That was Maryam (Mary), as depicted in the Quran, going through the toughest time in her life just before the miraculous birth of her son Jesus. But she was told to overcome this tribulation by observing a particular kind of fast. The voice told her, “And if you happened to see any mortal, say, ‘I have vowed to the All-Merciful a fast, and today I will not speak to any man’.”  She was eating dates and drinking from the rivulets which sprouted from the barren land exclusively for her, but still she was fasting. The kind of fast Mary was asked to observe had nothing to do with eating and drinking. It was a superior form of fasting which she observed by weaving a cocoon of silence around her and withdrawing to it, by not responding when she was bombarded with distressing questions about her chastity and the father of her newborn. The more silent she became the more provocative could have become their queries. She was undergoing the harshest test in her life.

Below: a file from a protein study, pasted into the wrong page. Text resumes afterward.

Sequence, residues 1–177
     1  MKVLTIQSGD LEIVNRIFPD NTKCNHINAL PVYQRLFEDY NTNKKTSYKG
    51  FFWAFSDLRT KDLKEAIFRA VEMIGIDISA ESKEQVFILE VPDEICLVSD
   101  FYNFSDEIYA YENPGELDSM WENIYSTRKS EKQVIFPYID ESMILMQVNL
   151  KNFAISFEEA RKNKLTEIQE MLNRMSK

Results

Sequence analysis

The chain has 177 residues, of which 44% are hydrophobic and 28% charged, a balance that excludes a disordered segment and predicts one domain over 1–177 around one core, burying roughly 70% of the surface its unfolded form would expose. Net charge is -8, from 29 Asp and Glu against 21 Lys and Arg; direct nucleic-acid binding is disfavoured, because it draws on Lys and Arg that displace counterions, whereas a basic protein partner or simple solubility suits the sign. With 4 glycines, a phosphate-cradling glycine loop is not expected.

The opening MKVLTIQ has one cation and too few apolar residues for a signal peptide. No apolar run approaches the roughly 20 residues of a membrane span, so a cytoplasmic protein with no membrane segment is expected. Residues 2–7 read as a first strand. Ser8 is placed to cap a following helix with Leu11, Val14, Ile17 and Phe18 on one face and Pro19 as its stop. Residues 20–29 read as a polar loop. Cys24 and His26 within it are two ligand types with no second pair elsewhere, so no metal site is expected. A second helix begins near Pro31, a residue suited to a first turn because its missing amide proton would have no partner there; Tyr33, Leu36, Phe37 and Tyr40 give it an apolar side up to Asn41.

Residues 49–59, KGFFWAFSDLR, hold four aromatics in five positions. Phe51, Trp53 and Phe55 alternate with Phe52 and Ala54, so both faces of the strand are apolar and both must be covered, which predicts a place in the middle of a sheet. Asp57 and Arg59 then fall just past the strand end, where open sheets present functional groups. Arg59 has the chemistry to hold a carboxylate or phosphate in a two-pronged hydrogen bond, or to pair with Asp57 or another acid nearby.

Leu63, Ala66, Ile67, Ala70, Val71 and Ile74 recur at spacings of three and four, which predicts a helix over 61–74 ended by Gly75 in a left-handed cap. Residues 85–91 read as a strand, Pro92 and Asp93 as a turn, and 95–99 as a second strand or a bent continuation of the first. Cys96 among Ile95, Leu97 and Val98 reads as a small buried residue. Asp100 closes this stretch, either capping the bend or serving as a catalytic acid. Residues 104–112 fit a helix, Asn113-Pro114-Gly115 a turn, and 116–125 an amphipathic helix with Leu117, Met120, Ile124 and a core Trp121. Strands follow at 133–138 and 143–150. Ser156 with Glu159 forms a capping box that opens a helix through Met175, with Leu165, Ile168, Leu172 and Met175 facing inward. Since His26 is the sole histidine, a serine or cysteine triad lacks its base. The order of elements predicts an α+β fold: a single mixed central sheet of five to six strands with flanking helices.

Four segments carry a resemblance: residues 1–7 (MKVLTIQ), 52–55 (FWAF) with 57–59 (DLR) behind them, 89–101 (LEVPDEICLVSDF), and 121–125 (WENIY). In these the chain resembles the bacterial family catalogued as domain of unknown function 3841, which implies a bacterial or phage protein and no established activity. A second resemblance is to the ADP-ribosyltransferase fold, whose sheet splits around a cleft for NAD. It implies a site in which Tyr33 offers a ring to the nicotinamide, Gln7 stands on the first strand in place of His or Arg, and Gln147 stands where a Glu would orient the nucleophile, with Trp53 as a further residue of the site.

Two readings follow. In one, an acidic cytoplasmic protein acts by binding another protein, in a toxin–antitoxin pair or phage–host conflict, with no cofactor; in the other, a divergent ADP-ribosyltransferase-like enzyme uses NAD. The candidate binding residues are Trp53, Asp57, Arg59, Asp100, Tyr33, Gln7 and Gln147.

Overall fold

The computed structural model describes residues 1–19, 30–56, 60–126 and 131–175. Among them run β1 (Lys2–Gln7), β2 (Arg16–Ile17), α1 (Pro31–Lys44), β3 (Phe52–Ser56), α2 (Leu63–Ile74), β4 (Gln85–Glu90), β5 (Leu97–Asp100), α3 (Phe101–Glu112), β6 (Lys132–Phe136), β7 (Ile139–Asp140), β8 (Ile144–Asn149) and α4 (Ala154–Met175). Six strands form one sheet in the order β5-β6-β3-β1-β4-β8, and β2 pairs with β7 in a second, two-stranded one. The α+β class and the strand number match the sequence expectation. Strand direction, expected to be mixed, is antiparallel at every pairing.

The pang of childbirth is the most excruciating physical pain for any woman while being slandered with false accusations against chastity is the most mentally humiliating and harrowing experience for her. In the midst of such a severe turbulence, Mary was asked to keep silent irrespective of what others talk about her. Silence was Mary’s fast and it was for her a powerful instrument to defend herself.

From the seclusion of the deserts, Mary came back to meet up the world with a far more powerful weapon – silence.  She observed the fasting of silence in order to train and discipline herself and garner the courage to withstand the challenges awaiting her. With meditative silence, she conquered the awful din of the world.